The Irish government has committed to expand midwifery-led care alongside consultant-led care nationally, although very little is known about the potential net benefits of this reconfiguration.
To formally compare the costs and benefits of the major models of care in Ireland, with a view to informing priority setting using the contingent valuation technique and cost-benefit analysis.
A marginal payment scale willingness-to-pay question was adopted from an ex ante perspective. 450 pregnant women were invited to participate in the study. Cost estimates were collected primarily, describing the average cost of a package of care. Net benefit estimates were calculated over a 1-year cycle using a third-party payer perspective.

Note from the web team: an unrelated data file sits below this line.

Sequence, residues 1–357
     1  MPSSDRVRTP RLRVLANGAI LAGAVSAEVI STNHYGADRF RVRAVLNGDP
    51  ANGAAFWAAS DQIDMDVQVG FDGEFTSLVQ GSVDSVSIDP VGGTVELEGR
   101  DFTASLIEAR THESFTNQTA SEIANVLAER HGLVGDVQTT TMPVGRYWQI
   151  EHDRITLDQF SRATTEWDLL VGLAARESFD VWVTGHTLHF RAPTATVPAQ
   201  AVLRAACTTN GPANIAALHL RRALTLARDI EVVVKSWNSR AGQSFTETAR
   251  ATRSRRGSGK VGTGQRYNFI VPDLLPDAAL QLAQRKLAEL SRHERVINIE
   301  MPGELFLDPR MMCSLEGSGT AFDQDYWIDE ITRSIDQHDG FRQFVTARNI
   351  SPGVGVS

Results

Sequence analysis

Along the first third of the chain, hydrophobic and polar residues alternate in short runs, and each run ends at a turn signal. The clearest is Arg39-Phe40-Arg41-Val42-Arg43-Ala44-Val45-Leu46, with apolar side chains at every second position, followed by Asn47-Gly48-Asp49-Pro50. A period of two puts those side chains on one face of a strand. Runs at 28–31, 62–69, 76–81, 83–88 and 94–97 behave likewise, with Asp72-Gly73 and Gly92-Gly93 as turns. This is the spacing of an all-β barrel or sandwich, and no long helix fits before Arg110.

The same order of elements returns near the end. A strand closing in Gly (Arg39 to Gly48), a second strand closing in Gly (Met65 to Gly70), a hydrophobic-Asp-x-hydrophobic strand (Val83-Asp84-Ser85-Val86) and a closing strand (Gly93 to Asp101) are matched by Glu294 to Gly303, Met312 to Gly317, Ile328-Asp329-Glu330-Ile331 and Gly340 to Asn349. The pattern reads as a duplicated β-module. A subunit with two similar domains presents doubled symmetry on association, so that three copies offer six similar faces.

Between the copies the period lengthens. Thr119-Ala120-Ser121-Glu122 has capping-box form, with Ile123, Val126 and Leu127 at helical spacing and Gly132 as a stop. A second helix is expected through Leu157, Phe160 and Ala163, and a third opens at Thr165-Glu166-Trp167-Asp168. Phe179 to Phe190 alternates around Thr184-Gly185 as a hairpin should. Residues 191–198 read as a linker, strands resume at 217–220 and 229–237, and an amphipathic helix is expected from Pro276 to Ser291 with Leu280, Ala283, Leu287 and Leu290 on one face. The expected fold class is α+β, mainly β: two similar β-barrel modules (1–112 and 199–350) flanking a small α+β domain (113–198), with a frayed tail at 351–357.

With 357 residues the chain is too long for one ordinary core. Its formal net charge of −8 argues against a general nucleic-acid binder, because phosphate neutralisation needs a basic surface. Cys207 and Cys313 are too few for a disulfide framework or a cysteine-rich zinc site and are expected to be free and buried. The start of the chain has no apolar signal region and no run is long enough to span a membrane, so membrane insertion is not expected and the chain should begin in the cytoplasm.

To avoid midwifery-led care, women were willing to pay €821.13 (95% CI 761.66-1150.41); to avoid consultant-led care, women were willing to pay €795.06 (95% CI 695.51-921.15). The average cost of a package of consultant- and midwifery-led care was €1,762.12 (95% CI 1496.73-2027.51) and €1018.47 (95% CI 916.61-1120.33), respectively. Midwifery-led care ranked as the best use of resources, generating a net benefit of €1491.22 (95% CI 989.35-1991.93), compared with €123.23 (95% CI -376.58 to 621.42) for consultant-led care.
While both models of care are cost-beneficial, the decision to provide both alternatives may be constrained by resource issues. If only one alternative can be implemented then midwifery-led care should be undertaken for low-risk women, leaving consultant-led care for high-risk women. However, pursuing one alternative contradicts a key objective of government policy, which seeks to improve maternal choice. Ideally, multiple alternatives should be pursued.